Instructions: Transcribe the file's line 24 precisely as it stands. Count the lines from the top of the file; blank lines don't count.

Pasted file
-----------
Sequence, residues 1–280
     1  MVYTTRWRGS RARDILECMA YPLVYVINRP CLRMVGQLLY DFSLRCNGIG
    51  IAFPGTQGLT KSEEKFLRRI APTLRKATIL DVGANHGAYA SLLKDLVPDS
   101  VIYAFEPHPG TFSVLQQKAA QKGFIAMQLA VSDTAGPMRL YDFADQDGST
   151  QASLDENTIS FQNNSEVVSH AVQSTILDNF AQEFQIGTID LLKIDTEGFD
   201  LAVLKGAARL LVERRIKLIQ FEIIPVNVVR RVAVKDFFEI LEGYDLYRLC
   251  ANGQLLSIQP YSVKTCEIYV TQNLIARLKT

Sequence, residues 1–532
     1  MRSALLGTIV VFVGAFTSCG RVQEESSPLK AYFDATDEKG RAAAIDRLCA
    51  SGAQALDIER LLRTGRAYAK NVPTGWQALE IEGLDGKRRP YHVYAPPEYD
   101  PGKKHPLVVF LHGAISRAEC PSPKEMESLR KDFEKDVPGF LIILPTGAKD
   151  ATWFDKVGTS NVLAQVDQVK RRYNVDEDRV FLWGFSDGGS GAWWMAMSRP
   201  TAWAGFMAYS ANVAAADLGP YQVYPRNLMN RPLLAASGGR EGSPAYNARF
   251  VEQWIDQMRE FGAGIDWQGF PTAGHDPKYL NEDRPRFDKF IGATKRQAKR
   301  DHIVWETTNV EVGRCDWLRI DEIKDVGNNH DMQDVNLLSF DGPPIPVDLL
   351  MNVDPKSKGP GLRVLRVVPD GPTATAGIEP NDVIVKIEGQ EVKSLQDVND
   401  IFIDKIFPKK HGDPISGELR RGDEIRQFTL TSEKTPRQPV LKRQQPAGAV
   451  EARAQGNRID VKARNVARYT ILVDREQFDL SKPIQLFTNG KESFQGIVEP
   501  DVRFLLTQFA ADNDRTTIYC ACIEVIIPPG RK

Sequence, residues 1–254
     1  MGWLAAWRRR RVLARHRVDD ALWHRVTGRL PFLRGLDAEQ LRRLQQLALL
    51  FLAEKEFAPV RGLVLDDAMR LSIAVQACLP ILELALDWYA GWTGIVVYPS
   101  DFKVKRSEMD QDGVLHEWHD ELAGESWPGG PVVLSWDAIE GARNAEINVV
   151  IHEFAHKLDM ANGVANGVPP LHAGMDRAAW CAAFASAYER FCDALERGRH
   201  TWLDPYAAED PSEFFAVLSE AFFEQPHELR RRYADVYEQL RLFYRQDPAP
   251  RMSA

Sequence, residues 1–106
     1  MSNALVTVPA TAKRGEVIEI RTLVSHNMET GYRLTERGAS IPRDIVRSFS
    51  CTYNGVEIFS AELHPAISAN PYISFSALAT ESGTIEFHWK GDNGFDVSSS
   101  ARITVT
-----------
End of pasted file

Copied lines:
   151  IHEFAHKLDM ANGVANGVPP LHAGMDRAAW CAAFASAYER FCDALERGRH